This period of the 1980s was a blockbuster decade for creative talent and the reinventing of a city after decades of neglect. Mountains of garbage and sealed up tenements in a neighborhood with its abandoned burnt out cars and trash resembled war-torn Beirut rather than part of the largest city in the United States. Across the street from the gallery was a building called “The Rock”, headquarters of a 4 million dollar a year cocaine-selling operation. The lines of buyers would stretch around the building and down the street.

This was the setting for a friendship between two men that would grow a business and impact art careers and burn brightly until drug addiction would leave a landscape of lives lived in the hard style of a no-holds-barred existence and would evaporate in the path of a virus that had biblical proportions.

Stockholm, Zurich, and London became backdrops for glamorous cocktail parties and furtive street-level drug buys in parks. Dean’s heroin addiction was growing. He was sinking further and deeper into a rabbit hole of loss eventually ending up on the street in a broken down van and begging on street corners.

Taking speeding trains from the Watch a Woman Have Sex with a Monkey brothel in Amsterdam to the Avant Guard galleries and bars in Cologne. Crashing at the home of an eccentric and controversial film director in Berlin and trekking into communist East Germany for a visit to a World War 2 bombed out art museum.

A drug intervention that started at downtown A-list nightclub AREA that culminated in an intense coming out story with an empathic mother and a father that would say “I’m going to take this gay out of you”.

A failed sobriety that would take one art dealer on the road to his death and the other questioning the high risks of success.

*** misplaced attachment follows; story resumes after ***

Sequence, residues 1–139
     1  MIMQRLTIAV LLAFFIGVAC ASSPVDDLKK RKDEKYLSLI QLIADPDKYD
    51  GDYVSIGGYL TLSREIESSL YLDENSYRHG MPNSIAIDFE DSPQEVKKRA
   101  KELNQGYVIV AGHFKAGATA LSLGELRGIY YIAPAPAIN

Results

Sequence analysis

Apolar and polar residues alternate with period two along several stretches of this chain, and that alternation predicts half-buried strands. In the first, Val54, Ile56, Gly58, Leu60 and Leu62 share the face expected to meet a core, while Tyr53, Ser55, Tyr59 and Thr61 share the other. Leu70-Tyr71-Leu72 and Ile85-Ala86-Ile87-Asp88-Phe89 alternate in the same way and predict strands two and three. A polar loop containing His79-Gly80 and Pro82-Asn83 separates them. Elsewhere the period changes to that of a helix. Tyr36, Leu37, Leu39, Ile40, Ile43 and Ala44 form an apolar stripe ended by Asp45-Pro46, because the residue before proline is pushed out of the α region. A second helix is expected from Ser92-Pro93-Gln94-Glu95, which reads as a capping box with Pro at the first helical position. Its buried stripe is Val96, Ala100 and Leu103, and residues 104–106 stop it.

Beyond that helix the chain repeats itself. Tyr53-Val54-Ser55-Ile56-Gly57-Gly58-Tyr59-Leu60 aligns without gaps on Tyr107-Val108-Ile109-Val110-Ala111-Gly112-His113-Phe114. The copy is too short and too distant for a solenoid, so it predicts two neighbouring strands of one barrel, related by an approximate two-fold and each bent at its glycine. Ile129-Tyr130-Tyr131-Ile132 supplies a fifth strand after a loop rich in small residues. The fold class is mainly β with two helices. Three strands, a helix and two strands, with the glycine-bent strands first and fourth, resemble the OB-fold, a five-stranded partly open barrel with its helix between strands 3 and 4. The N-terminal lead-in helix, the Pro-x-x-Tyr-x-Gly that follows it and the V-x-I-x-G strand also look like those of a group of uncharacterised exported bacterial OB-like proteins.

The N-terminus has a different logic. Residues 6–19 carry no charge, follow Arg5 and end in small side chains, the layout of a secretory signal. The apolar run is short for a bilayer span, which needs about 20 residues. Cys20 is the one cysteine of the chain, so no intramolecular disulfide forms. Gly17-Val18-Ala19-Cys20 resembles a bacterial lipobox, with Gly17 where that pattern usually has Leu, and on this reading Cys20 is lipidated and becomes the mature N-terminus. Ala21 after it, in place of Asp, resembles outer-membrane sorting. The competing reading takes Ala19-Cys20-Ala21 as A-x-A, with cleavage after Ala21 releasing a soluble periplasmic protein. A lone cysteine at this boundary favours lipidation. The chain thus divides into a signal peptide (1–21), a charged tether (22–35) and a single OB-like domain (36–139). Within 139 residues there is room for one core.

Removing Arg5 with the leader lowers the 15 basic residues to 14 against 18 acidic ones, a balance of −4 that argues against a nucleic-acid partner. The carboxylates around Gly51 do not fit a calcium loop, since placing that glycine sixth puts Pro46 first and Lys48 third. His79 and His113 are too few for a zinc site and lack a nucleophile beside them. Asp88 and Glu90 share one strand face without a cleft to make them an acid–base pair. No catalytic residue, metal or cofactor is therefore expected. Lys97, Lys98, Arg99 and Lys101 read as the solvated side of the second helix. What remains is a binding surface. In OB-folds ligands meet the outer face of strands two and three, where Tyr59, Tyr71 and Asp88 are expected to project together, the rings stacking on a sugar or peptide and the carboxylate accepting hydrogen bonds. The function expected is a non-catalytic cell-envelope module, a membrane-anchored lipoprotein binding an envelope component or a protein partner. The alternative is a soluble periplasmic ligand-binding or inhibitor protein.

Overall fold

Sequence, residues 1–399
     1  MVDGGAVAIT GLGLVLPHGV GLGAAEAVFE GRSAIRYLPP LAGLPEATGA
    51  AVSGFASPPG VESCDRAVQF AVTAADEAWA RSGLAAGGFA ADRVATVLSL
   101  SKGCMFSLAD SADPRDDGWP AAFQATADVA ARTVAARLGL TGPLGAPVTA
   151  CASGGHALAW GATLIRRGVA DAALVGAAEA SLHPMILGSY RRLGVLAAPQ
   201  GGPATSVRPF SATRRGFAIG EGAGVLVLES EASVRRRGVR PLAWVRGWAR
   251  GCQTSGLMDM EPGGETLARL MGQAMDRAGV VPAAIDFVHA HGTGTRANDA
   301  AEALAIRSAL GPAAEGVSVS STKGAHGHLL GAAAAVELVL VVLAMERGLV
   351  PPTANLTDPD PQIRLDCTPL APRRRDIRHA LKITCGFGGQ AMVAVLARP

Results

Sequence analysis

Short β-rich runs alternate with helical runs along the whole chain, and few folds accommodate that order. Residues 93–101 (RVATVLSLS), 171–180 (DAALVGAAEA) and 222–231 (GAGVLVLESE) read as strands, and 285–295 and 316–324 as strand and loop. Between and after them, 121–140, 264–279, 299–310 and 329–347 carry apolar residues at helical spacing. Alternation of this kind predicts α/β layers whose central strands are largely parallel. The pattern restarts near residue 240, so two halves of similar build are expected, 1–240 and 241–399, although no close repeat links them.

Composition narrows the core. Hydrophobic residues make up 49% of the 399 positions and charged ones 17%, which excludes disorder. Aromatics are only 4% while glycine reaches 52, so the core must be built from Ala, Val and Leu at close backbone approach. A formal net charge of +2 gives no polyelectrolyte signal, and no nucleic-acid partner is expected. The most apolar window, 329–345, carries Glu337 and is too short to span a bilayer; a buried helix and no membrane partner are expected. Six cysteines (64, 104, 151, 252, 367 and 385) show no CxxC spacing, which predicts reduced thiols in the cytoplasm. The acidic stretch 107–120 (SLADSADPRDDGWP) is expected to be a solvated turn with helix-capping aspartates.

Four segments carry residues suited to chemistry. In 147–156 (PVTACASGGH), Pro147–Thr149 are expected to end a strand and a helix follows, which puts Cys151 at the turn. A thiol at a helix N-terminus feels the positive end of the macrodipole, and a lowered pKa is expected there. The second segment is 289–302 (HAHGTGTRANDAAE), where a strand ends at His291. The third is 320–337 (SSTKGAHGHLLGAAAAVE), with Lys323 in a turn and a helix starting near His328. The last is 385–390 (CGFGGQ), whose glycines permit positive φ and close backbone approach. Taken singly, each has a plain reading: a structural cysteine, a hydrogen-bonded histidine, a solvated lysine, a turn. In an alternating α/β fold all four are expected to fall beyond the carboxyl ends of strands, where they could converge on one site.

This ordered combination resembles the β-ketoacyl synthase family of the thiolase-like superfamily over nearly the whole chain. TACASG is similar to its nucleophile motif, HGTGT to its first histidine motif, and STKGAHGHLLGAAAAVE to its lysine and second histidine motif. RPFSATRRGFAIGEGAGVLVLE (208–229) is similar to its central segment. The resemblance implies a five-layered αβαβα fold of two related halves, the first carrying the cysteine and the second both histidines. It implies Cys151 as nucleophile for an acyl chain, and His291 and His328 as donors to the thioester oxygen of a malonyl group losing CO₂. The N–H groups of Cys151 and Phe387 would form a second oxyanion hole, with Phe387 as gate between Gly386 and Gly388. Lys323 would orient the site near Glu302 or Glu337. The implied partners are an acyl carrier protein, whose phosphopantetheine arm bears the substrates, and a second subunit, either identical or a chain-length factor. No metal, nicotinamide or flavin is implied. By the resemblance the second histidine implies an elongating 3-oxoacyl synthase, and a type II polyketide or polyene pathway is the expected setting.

From the piss filled bathtubs of the infamous Mineshaft to the spectacular Pallidum and Saint Nightclubs to penthouse parties of the Upper East Side, this was love, lies and a profound life-changing journey that took a wild out of control ride into history.

Copyright 2016 All rights reserved Alan Barrows WGA #1855035

civilian warfare opening for David

Photo by Andreas Sterzing 1984

Civilian Warfare Gallery opening for David Wojnarowicz one-man show. 1984

Left to Right David Wojnarowicz, Peter Hujar, Gary Indiana, Alan Barrows his back to the camera On the far right is Mark Simpson with long hair and standing next to him in a white t-shirt is Keith Davis. The sign for Civilian was a painting that David did of Peter Hujar sleeping, it is slightly visible in the top portion of this photo.

IMG_5500

This is the poster invitation the gallery did for the David Wojnarowicz show. The photo is by Marion Scemama taken in David’s studio on the Bowery. David is surrounded by the plaster heads used for the Metamorphosis Series 1984 displayed in the exhibition.